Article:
“Be quick to hear, slow to speak and slow to anger”
The Cost of Freedom of Speech
I am quickly learning that the freedom of speech is incredibly costly. There is no restraint in our tongue today. If we are not heard in conversation, we post on social media with hopes of going viral and becoming a part of more prominent news. We live in a world where comments have replaced conversation, demands have replaced requests, and words have replaced actions. This new found freedom in being heard is costing us jobs, relationships, peace, and unity.
Once I began reading the Bible for myself, long before I accepted Christ as my savior, I saw it as a book of wisdom. Now having accepted Christ, I see it as a book that reveals God’s incredible wisdom, knowledge, and love for us. The Bible is a love letter from a father to his children. It encompases every “fatherly” conversation one might have with their earthly father. It offers wisdom about relationships, conflict, marriage, sex, how to run a business, how to handle money, how to converse; it teaches us everything we could ever need to know – and right now, in this moment, we need to know how to measure our words.
Our words can speak life or speak death, they can either be the bricks that build up or the bulldozers that tear down.While no man can tame the tongue (James 3:8), we can trust the words of the One who can.
James 1:21-22 reads,
“Get rid of all filth and evil in your lives and humbly accept the word God has planted in your hearts, for it has the power to save your souls. But don’t just listen to God’s word. You must do what it says.”
So what does the Bible say about our speech?
“Be quick to hear, slow to speak and slow to anger” (James 1:19). Let us be willing to stay silent and prayerful, when someone is spewing emotional word vomit at us, and not immediately engage with the thrashing of our own tongues. Instead of tossing around careless comments, create an atmosphere that invites conversation. Personally, I spew the most careless words when I am emotionally charged, but I know that if I am willing to take a step back and respond rather than react, the situation will be fruitful rather than hurtful.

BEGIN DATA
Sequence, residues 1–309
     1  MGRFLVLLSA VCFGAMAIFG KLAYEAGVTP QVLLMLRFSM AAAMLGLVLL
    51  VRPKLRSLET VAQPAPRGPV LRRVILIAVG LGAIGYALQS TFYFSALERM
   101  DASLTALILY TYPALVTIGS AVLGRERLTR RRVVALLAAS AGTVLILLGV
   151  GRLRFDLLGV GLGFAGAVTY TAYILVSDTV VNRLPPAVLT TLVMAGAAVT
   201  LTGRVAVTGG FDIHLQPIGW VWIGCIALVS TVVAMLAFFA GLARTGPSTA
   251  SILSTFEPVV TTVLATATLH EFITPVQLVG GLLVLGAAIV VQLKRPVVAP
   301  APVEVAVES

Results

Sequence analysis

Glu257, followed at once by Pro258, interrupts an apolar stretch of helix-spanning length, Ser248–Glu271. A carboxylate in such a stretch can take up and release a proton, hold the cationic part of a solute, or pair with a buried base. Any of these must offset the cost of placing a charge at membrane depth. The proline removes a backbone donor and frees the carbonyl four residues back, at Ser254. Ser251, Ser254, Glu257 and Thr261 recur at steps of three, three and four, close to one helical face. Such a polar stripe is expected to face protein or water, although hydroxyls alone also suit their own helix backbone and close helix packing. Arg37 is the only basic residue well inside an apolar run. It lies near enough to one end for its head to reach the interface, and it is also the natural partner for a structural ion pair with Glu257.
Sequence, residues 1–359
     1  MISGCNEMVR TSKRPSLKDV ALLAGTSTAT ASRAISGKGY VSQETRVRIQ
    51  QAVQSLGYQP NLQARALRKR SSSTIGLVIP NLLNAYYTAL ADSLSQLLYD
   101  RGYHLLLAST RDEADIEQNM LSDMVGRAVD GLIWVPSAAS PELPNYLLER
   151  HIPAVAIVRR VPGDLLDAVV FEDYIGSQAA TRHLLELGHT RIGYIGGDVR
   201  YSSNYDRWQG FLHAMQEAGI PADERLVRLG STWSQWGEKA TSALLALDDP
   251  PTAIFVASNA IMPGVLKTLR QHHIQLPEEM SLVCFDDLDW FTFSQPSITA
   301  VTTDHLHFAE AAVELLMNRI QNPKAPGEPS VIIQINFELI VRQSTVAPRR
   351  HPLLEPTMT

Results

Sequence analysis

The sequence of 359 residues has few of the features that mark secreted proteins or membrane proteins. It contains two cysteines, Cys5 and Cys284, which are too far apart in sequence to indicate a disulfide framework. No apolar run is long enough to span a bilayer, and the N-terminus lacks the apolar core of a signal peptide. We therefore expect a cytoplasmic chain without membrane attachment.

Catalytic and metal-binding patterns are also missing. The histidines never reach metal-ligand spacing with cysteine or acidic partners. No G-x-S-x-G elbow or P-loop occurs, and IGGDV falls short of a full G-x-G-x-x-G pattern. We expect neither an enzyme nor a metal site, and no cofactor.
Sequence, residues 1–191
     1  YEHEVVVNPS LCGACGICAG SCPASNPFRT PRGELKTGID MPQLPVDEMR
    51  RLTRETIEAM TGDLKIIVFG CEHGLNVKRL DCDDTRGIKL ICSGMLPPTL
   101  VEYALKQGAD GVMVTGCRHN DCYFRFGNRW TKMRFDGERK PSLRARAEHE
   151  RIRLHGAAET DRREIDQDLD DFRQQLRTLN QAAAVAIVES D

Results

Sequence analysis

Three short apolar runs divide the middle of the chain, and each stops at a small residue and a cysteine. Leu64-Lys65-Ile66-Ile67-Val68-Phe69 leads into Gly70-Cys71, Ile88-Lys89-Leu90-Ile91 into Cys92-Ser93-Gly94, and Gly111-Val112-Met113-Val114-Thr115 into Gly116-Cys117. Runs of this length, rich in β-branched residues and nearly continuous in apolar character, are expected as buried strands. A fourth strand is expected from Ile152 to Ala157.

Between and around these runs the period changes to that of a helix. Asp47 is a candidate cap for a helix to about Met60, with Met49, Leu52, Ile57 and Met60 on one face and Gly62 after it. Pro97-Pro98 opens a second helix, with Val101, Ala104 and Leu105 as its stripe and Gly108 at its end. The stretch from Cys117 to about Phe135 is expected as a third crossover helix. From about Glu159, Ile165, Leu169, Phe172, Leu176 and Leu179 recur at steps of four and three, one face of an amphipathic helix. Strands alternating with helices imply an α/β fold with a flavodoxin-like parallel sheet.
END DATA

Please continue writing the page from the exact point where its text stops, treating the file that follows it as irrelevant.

While we focus on responding, rather than reacting, let us also consider humility in conversation. Often, in my self-righteous anger, I demand to be heard rather than ask to be heard. I tend to think my points are more important and accurate, and therefore must be said no matter the cost. But I am quickly reminded of what Proverbs 10:19 says,
“Too much talk leads to sin. Be sensible and keep your mouth shut”.
We don’t have to have the last word, meaningful silence is often better than meaningless words. Before responding, it would behoove us to ask ourselves, “Is what I am about to say kind or helpful?” If the answer is no, then we should consider saying nothing. Winston Churchill once said, “We are masters of unsaid words, but slaves of those we let slip out” – especially those we speak in anger.
What About Other Forms of Communication?
There is a saying, “actions speak louder than words”; in fact, actions speak when words fail. It’s easier to speak up, rather than show up, but Ecclesiastes 5:7 (NLT) reminds us, “Talk is cheap…”, we need to let our actions replace our words. Instead of talking about what needs to change, let us become the change. Sometimes, silence is an action that trusts God and takes Him at his word, that, “Everyone who believes in Him [Jesus] will not be put to shame” (Romans 10:11) and that God will, “take revenge” (Romans 12:19), not us. Let our works, show our faith.
At the end of the day, we are called to say only that which is, “full of grace, seasoned with salt, wholesome, helpful, encouraging, beneficial, peaceable, considerate, and gentle.” Repeatedly, God asks us to humble ourselves and put others first – one way we can do that is by pruning the words we speak. We can do this by inviting conversations rather than spewing emotional comments, by making requests instead of demands, and by allowing our actions to do the talking.